The hypothetical barking dog: a lesson in logic


Sherlock Holmes (wikipedia)


This month our church is hosting a Senior Seminar. In this seminar we invite graduating seniors to join us as we attempt to give them a crash course in the big choices they will face as they head off to college or the work force. One of these areas we explore in the seminar is worldviews and philosophy.

Honoring the fact that the Presidential election has gone to the dogs (a sad commentary on political discourse), this post uses dogs to examine the basic hypothetical form of a philosophical argument. To set up the scenario we are going to use the barking dog hypothesis found in the Sherlock Holmes adventure – Silver Blaze.

Colonel Ross still wore an expression which showed the poor opinion which he had formed of my companion’s ability, but I say by the inspector’s face that his attention had been keenly aroused.

“You consider that to be important?” he asked.

“Exceedingly so.”

“Is there any point to which you would wish to draw my attention?”

“To the curious incident of the dog in the night-time.”

“The dog did nothing in the night-time.”

“That was the curious incident,” remarked Sherlock Holmes.

“Before deciding that question I had grasped the significance of the silence of the dog, for one true inference invariably suggests others. The Simpson incident had shown me that a dog was kept in the stables, and yet, though someone had been in and had fetched out a horse, he had not barked enough to arouse the two lads in the loft. Obviously the midnight visitor was someone whom the dog knew well.”

That basis of Holmes argument starts with the hypothesis that when a dog detects an intruder it will bark.

Writing this out as a premise in an argument would look like this:

If (a dog detects an intruder) then (the dog will bark)

This seems like a premise that that has a high degree of probability of being true most of the time. Of course there are unstated assumptions like the dog is healthy and can see, smell, and hear, is not drugged, and can actually bark. Holmes assumes this hypothesis is reliable, having the testimony that dog is used as a guard dog along with the lads to make sure the horse is not stolen.

In a hypothetical form of a philosophical argument the concept of a dog detecting an intruder is called the antecedent. It represents a cause and is often represented by a P.

The concept of the dog barking is called the consequent. It represents an effect and is often represented by a Q.

Using this as a starting point, we can look at the hypothesis and 4 different ways to arrive at a conclusion based on what the second premise in the argument attempts to either confirm or deny.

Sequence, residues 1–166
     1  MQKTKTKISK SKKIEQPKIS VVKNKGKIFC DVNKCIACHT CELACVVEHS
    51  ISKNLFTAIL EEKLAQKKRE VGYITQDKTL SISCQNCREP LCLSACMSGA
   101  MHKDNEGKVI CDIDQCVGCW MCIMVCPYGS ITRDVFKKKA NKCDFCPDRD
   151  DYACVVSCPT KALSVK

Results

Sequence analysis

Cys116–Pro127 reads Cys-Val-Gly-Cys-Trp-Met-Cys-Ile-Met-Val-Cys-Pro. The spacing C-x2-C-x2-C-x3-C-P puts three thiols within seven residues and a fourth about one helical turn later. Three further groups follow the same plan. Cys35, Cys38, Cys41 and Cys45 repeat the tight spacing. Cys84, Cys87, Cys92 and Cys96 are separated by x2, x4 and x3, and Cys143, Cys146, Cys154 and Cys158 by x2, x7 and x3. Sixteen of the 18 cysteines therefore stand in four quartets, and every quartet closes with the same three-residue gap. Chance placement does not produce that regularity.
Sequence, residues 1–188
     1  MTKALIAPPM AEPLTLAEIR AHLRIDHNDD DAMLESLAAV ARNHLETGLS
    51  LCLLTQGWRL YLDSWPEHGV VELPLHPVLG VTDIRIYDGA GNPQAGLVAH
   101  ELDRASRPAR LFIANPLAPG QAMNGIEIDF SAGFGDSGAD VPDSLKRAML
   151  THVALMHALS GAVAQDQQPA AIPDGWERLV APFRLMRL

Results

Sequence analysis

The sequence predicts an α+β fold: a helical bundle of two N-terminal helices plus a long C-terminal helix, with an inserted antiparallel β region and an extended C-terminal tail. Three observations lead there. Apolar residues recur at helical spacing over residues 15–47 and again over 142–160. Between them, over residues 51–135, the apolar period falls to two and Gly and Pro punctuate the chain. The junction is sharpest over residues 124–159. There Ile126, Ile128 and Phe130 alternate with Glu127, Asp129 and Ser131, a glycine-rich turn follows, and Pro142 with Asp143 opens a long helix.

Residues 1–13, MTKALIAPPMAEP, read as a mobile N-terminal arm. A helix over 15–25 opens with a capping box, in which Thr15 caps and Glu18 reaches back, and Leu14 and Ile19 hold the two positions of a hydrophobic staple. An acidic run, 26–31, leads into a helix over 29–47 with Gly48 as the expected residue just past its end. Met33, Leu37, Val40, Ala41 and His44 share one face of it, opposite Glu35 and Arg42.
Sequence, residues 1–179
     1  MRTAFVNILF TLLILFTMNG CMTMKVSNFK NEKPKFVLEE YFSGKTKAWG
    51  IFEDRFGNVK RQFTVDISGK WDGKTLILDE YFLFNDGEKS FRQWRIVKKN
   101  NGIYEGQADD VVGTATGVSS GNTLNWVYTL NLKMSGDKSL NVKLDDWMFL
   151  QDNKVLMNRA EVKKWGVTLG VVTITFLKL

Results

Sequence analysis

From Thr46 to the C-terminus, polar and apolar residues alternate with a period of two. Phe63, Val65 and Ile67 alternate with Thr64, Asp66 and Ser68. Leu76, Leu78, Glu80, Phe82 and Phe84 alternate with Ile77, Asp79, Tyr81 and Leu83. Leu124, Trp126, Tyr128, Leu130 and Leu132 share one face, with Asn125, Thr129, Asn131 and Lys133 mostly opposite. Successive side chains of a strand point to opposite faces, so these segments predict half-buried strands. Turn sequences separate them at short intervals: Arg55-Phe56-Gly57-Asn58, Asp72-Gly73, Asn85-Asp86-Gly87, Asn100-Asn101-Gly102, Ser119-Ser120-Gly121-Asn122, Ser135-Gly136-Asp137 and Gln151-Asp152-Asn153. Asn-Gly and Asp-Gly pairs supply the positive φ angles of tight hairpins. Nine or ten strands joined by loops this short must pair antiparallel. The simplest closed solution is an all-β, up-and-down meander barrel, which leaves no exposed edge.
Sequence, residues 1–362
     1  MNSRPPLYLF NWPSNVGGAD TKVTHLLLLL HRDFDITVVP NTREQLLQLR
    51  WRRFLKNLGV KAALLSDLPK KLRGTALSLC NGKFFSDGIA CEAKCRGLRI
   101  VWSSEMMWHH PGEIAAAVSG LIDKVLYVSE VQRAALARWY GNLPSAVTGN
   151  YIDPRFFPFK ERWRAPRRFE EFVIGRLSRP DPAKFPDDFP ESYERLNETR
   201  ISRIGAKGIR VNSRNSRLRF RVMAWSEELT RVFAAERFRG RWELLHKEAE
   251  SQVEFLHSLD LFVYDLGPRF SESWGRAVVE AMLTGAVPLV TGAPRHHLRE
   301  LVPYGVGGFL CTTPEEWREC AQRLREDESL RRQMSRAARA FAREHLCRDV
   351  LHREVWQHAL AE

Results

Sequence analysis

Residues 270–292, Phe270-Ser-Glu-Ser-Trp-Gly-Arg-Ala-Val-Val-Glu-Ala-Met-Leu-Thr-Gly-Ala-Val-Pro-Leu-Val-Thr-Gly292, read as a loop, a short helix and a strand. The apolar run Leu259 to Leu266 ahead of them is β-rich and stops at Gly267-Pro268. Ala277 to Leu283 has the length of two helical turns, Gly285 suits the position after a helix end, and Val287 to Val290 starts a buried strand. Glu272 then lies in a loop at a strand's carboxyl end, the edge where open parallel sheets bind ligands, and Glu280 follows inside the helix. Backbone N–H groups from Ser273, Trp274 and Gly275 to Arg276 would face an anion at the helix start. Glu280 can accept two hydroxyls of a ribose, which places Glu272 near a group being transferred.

Note the hypothetical stays the same in all 4 cases, in which we have asserted that P is a cause of the effect Q. We are also assuming that this hypothesis is true. We are only attempting to verify the conclusion that each argument is making. If this hypothesis is false then the conclusion of each argument would also be false (or at least unproven by the argument).

Modus Ponens: Affirming the Antecedent

hypothetical If (a dog detects an intruder) then (the dog will bark)
premise The dog detects an intruder
conclusion Therefore the dog barks
  • If P is really a cause of Q and the premise that the dog detected an intruder is true (P is true), it will be true that the dog barked (Q is true).

Modus Tollens: Denying the Consequent

hypothetical If (a dog detects an intruder) then (the dog will bark)
premise The dog did not bark
conclusion Therefore the dog did not detect an intruder
  • If P is really a cause of Q and the premise that the dog did not bark is true (not Q), it will be true that the dog did not detect an intruder (not P).
    • The dog did not bark so the cause was missing, which was how Holmes arrived at the conclusion that the person who took the horse could not have been a stranger to the dog.

Fallacy: Denying the Antecedent

hypothetical If (a dog detects an intruder) then (the dog will bark)
premise The dog did not detect an intruder
conclusion Therefore the dog did not bark
  • If P is really a cause of Q and the premise that the dog did not detect an intruder is true (not P), it will not necessarily be true that the dog did not bark (not Q).
    • This is a fallacy because Q may occur for other reasons
    • The dog may have barked because it was hungry or playing etc.

Fallacy: Affirming the Consequent

hypothetical If (a dog detects an intruder) then (the dog will bark)
premise The dog barks
conclusion Therefore the dog detects an intruder
  • If P is really a cause of Q and the premise that the dog barks is true (Q), it will not necessarily be true that the dog detected an intruder (P).
    • This is a fallacy because Q may occur for other reasons
    • The dog may not have barked because of an intruder, but because it was hungry or playing etc.

Once we have established these valid and invalid forms of an argument we can apply them to more interesting cases.

Give this one a try:

hypothetical If (humans and chimps have a common ancestor) then (humans and chimps have similar genetic makeup)
premise humans and chimps have similar genetic makeup
conclusion Therefore humans and chimps have a common ancestor

Is this a valid argument?

What do you think?

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